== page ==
So I went back to the motorcycle shop that had changed the title for me and asked if they had snow tires for scooters there. The man working there was really advanced in years and replied that yes, yes they did have snow tires. I asked if I could buy them that same day or not, and he said that yes I could, and so I asked how much they were and when I should come back. He said it would take 90 minutes to change the tires on my scooter.
I spent the next 90 minutes walking around downtown Nagano, up to Zenkoji Temple and back again, and then stopped in at the shop. My scooter was up on their service stand with back tire off. The old guy working there says, “Come back later! Come back later!” I ask how long should I wait, and he says 90 minutes.
By now it’s lunch time, so I head somewhere for lunch then kill another hour or so wandering around. When I get back into the shop, this time the back tire is on but the front tire is off, and he says, “Come back later! Come back later!” I ask how long again and this time he says an hour. And so I kill another hour of time.
After this last hour, when I get back into the shop the guy is furiously tightening the bolt on the front tire and says, “I’m almost done! Please wait.” Once he finishes, we settle the bill and then I get my scooter to drive back home.
All of my walking has made me hungry, and so I decide to stop on the way home for a small snack. After I finish, when I get back on my scooter I think the handling is a little strange, but figure I just bought the snow tires, and so perhaps the handling is a bit different with the snow tires on it.
I start on my way home, and as I’m approaching a crosswalk I see a lady waiting to cross the street. I make it a point to stop for people in crosswalks, so I hit my brake, and the front end of my scooter collapses out from under me and I go over the handlebars, striking a Superman pose for a brief moment before hitting the pavement.
The question I ask my students at this point in the story is what happened that caused the front end of my scooter to collapse and me to become a very short-lived Superman? Please feel free to share your thoughts in the comments. Want to know what happened? Part 2 of the story is here.
If you haven’t yet read part 1 and part 2 of this story, I would recommend you start there.
There didn’t used to be a part 3 to this story, but when I took my current position at the University of Toyama, I had to change doctors, from my pulmonologist in Nagano to a pulmonologist in Toyama. I asked my Nagano doctor to write a referral letter for me and presented it at the University of Toyama Hospital, and was soon assigned a pulmonologist who took over the management of my asthma medicine. After seeing him a few times, he said that my recommendation letter mentioned high cholesterol, but that his speciality is pulmonology, and so rather than try to manage my cholesterol, he wanted to refer me to a lipid specialist.
I reluctantly agreed, and the lipid specialist first wanted to do another blood test to check my cholesterol levels. I went in and had the test done, and when I met the lipid specialist, he said that yes, my cholesterol levels were high, which made feel rather upset, but then he asked if I had eaten breakfast the morning that I had my blood test done. I replied that of course I had eaten breakfast. I eat breakfast every day. It’s supposed to be healthy. He said that the cholesterol levels should be a person’s fasting cholesterol, not their cholesterol after they’ve eaten, and so he asked me to have the blood check done again.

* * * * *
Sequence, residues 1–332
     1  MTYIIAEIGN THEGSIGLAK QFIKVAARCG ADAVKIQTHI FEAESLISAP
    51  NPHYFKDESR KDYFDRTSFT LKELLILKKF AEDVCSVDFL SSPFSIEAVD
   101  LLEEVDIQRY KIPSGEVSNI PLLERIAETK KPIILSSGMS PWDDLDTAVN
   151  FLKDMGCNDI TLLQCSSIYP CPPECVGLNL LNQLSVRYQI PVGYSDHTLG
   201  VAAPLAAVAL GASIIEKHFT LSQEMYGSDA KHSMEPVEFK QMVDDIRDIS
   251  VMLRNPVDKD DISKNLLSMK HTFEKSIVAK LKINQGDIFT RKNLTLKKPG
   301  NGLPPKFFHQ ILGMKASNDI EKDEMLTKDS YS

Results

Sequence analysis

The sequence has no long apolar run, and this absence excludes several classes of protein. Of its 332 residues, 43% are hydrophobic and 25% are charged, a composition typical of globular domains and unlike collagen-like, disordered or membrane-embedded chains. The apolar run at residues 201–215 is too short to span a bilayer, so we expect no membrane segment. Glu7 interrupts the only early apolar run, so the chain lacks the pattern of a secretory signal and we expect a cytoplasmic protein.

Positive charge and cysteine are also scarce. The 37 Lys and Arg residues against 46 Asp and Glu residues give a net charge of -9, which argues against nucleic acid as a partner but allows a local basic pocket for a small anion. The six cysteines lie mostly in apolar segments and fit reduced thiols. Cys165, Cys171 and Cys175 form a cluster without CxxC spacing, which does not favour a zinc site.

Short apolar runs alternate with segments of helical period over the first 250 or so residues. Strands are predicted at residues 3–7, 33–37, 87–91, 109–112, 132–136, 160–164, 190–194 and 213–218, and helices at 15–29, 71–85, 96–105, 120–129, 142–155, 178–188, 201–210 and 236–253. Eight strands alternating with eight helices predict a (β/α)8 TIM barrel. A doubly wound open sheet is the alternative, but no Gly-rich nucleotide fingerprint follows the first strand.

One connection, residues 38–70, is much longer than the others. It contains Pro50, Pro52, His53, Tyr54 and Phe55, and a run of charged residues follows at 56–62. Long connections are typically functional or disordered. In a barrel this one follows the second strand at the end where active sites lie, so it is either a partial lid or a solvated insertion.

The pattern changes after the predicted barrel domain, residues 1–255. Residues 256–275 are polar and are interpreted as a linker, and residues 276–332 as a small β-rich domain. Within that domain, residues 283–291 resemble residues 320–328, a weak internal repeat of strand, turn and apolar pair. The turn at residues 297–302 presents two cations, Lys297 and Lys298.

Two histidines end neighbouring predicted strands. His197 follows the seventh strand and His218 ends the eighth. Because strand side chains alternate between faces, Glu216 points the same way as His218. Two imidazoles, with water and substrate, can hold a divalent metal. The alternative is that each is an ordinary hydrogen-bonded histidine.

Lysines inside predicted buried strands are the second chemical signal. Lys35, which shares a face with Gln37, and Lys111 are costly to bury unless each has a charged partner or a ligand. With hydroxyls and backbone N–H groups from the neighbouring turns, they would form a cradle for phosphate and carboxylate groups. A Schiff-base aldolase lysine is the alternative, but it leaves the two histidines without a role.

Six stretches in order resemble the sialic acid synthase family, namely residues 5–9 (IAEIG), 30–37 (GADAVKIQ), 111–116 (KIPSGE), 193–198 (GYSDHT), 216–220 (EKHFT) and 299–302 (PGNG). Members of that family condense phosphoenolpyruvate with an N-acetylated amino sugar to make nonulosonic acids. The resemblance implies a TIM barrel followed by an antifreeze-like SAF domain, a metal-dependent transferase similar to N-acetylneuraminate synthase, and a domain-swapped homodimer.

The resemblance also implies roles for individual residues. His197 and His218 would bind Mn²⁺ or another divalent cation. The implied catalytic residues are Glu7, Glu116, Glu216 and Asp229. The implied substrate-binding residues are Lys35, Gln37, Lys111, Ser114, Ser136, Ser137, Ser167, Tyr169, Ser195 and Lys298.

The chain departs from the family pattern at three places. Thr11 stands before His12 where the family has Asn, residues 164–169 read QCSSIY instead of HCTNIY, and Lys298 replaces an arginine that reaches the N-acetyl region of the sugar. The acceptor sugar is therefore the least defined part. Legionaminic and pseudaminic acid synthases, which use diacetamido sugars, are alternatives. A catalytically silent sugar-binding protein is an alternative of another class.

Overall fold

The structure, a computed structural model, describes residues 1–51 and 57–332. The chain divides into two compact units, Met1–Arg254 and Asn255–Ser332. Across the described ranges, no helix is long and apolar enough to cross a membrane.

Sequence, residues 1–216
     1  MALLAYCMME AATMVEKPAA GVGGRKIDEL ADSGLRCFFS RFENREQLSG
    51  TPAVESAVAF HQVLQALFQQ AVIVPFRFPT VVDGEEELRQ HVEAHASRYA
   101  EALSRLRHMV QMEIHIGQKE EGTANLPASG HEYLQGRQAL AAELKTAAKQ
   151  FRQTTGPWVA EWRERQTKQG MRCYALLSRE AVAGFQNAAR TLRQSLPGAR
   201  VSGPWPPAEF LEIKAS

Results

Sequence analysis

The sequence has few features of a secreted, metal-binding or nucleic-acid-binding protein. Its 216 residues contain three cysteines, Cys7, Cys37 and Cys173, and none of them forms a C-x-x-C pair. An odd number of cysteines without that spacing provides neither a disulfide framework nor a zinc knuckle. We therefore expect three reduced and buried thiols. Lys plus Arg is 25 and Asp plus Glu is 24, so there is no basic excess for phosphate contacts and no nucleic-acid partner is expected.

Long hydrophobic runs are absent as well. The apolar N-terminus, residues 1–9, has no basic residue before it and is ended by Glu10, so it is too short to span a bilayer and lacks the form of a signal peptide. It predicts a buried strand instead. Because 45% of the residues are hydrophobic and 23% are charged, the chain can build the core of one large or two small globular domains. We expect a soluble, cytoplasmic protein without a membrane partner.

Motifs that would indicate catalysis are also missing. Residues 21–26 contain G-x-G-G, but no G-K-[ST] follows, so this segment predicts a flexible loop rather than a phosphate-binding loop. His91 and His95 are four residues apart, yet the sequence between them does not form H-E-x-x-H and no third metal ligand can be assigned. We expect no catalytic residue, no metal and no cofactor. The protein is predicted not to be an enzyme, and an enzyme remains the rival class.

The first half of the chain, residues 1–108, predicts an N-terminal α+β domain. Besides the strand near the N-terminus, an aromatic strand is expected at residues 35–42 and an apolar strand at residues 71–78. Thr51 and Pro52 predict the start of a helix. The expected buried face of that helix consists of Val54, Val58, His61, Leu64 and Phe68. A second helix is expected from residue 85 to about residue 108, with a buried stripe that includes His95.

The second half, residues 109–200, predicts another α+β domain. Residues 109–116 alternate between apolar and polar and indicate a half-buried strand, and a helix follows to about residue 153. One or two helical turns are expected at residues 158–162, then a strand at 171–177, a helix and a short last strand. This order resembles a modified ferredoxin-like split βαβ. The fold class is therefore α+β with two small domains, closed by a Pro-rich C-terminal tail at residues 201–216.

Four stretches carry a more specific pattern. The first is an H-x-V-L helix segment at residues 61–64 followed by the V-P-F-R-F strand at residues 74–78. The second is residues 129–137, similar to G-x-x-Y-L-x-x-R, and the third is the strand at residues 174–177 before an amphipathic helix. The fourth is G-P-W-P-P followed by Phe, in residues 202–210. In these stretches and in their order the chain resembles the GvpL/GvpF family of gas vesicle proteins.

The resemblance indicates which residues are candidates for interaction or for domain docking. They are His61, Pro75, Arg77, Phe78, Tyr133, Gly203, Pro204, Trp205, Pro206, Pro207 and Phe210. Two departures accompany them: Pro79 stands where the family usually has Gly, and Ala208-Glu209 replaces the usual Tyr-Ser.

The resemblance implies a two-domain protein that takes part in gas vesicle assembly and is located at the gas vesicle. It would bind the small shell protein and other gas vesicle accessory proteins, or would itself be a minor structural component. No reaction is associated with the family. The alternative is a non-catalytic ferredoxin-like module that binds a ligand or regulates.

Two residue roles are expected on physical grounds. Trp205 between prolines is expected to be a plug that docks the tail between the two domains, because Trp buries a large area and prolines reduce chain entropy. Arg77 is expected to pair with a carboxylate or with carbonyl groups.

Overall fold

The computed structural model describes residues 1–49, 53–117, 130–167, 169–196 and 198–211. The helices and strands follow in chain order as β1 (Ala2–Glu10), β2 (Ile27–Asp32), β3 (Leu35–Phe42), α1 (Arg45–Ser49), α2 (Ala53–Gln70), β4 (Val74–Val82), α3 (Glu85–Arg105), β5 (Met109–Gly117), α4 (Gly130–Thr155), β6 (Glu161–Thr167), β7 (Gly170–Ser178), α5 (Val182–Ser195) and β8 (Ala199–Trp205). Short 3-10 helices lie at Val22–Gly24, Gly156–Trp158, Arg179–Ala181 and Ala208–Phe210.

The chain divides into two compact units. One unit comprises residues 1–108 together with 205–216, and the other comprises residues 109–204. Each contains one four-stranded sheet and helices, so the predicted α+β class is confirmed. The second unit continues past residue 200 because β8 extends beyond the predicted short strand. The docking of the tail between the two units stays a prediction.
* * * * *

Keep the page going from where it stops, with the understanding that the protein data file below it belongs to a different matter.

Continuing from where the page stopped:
At our next appointment, he checked my fasting cholesterol levels and said they were borderline high, but not so high that I would need to take medicine, and recommended that I keep trying to eat healthy and exercise.
So in the end, after I finally saw a lipid specialist, the final verdict was that my cholesterol wasn’t that high after all. The problem was instead that no one had told me I shouldn’t eat breakfast on the day my cholesterol levels are checked until I finally met the lipid specialist.
I wonder what the message of this story is? That specialists should stay within their field of speciality when treating patients, as my pulmonologist in Nagano never mentioned seeing another doctor about my cholesterol, while my pulmonologist in Toyama said it wasn’t his speciality and so he didn’t want to try to treat it? That very simple miscommunications, such as the directions to not eat breakfast in the morning can have a huge influence on test results? I think that certainly doctors and pharmacists should explain the potential side effects of the drugs they prescribe and dispense, especially considering my experience.
Overall, I’m glad my first pulmonologist in Nagano pushed me to do exercise. Cycling has been an overall boon to my health, although I certainly could have done without the episode of drug side effects that I experienced. My guess is that my cholesterol really was very high around the time that he first checked it, but I ate breakfast every time he checked my cholesterol, so I’ll never really know what the numbers should have been.
If you’re interested in the topic of the treatment of high cholesterol, the US recently overhauled their guidelines. There’s a really engaging explanation of the new guidelines and their implications for treatment on the UCTV website presented by Dr. Robert Baron, UCSF Professor of Medicine.